The UPnP Forum has announced a major initiative designed to enable the emerging Internet of Things and applications in the future smart home.
Called UPnP+ the initiative will build on the existing UPnP technology that allows automatic discovery and connection around a home network for consumer electronics and computing devices, such as PCs, smart phones, tablets and smart TVs. UPnP+ will extend UPnP to embrace any IP connected device that may be used in security monitoring, remote healthcare, environmental control, or other applications that will become widely deployed in the home.
UPnP+ will expand the scope of UPnP to support cloud based delivery of content or applications, and sharing of content between smart phones, as well as full integration of IPv6, the upcoming version of the IP protocol, needed to enable the Internet of Things. As such some of the work to be done is clear enough, like providing access to UPnP devices from web browsers, and bridging to devices outside current UPnP networks, for example, via ZigBee, Z-Wave, Bluetooth, and ANT+.
The latter will be needed for the introduction of devices such as thermostats and refrigerators that will be part of future home networks but are currently outside the scope of UPnP.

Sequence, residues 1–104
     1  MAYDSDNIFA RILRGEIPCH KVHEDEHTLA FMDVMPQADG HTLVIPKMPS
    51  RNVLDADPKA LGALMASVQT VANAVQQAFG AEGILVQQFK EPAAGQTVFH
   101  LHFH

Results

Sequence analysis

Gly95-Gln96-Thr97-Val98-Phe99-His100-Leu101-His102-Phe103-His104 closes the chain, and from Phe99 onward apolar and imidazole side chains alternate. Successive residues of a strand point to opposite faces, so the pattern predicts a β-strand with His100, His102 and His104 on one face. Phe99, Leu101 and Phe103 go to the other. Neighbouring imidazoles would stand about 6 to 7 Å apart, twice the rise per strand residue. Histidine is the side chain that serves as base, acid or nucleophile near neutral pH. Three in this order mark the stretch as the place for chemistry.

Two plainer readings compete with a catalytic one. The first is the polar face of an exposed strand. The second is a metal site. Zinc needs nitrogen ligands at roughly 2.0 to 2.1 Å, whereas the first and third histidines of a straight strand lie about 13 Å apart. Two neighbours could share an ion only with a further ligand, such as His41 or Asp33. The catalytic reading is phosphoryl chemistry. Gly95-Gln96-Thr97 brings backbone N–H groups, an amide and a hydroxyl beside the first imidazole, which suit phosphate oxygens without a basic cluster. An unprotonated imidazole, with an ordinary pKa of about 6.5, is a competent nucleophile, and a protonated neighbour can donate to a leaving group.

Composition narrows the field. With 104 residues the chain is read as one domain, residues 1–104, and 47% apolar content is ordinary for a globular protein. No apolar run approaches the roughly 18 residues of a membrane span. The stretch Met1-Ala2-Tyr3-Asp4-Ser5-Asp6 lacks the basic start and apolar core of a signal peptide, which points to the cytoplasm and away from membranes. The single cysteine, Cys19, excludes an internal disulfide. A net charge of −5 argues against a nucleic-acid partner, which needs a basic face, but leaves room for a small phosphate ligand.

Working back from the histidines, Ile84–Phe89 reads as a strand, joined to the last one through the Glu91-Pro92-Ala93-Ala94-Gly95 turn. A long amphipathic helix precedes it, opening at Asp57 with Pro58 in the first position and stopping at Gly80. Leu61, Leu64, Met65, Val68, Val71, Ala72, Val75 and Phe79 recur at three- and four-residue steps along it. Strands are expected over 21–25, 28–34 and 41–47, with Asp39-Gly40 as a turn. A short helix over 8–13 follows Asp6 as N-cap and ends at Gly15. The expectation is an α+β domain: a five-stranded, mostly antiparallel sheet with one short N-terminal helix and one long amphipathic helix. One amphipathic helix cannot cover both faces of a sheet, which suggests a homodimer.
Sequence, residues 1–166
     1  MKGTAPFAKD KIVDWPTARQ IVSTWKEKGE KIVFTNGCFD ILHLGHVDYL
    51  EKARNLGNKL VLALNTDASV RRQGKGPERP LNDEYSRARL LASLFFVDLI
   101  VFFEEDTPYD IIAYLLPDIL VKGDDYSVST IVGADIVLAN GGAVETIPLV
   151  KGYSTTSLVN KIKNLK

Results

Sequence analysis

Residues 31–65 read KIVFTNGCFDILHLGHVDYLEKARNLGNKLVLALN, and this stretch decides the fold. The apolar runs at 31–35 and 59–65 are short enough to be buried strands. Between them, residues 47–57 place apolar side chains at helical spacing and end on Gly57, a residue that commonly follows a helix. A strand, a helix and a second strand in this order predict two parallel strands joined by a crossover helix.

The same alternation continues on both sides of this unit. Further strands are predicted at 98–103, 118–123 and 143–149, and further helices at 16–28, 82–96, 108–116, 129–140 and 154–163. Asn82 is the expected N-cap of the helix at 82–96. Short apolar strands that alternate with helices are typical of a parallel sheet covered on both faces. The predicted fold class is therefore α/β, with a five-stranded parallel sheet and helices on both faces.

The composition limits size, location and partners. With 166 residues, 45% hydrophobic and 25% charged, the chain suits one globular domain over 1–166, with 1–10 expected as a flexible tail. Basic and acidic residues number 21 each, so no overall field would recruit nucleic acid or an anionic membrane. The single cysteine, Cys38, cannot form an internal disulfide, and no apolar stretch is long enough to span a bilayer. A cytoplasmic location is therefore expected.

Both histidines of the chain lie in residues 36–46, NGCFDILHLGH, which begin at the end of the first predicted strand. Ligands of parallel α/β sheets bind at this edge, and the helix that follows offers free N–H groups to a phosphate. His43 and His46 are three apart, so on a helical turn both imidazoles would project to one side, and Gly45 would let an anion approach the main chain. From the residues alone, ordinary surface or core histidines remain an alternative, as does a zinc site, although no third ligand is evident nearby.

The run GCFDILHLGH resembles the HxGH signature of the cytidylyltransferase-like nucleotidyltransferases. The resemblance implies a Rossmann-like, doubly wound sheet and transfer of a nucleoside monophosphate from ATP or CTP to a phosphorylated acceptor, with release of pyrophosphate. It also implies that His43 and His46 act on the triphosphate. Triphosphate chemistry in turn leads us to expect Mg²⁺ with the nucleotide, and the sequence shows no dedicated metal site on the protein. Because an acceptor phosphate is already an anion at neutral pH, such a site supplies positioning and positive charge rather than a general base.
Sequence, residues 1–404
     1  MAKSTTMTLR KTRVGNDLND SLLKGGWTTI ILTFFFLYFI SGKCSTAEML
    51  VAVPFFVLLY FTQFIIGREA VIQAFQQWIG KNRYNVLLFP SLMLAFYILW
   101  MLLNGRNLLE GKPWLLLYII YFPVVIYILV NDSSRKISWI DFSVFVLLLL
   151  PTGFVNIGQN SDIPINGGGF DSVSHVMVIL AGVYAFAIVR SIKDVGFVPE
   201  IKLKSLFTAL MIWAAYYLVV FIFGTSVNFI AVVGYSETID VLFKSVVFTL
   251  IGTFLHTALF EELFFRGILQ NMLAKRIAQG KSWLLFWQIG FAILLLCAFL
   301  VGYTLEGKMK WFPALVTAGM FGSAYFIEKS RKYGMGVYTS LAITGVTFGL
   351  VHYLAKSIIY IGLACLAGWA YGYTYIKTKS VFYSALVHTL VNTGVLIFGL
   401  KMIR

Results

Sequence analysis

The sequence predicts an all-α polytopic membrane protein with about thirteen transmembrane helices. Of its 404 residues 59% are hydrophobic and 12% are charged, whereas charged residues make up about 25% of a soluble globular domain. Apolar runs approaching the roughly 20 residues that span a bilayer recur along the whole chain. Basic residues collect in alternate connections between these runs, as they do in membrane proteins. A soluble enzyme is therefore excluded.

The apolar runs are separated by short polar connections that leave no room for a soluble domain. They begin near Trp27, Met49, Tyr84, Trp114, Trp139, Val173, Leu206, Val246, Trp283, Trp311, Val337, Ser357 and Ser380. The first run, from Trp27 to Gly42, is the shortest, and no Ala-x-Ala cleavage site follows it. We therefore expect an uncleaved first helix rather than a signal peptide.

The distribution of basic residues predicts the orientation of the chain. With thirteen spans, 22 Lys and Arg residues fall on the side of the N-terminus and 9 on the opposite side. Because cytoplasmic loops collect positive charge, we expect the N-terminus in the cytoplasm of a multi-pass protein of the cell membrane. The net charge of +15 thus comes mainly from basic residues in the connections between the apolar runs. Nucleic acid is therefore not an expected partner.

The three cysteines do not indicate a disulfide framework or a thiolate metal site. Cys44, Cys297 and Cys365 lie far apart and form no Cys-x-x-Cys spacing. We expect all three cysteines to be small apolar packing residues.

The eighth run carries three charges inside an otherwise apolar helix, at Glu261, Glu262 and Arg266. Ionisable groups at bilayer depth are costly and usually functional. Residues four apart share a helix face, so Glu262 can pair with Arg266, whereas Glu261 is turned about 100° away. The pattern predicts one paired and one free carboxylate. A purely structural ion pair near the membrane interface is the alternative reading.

But, other requirements for UPnP+ will only emerge as the initiative progresses, including the level of interoperability that will need to be catered for in the standard. The move does beg the question of how UPnP+ will fit with the work of DLNA (Digital Living Network Alliance), since it appears to overlap and conflict with it.
DLNA, to date, has built around various standards, including UPnP, to create a framework for secure movement of digital content around the home. Put simply, DLNA has focused on content distribution in the home, while UPnP has addressed discovery of and interoperability between the devices that display that content. But, UPnP+ also deals with content sharing, which appears to steal some of DLNA’s clothes. To an extent, this has been acknowledged by key industry spokespeople in welcoming the initiative, such as Ralph Brown, CTO, CableLabs.
“With UPnP+, UPnP Forum is moving beyond media devices in the home to provide connection with cloud services, support for IPv6, integration with new networks of devices such as health and fitness, energy management, and security, and implementation in web browsers,” said Brown. “We see these features as important strategic ingredients in the development of future cable industry products.”
IPv6 support is important for the Internet of Things because it brings an enormously enlarged address space, required to support the proliferation in number of IP connected devices expected to be generated by smart home applications.
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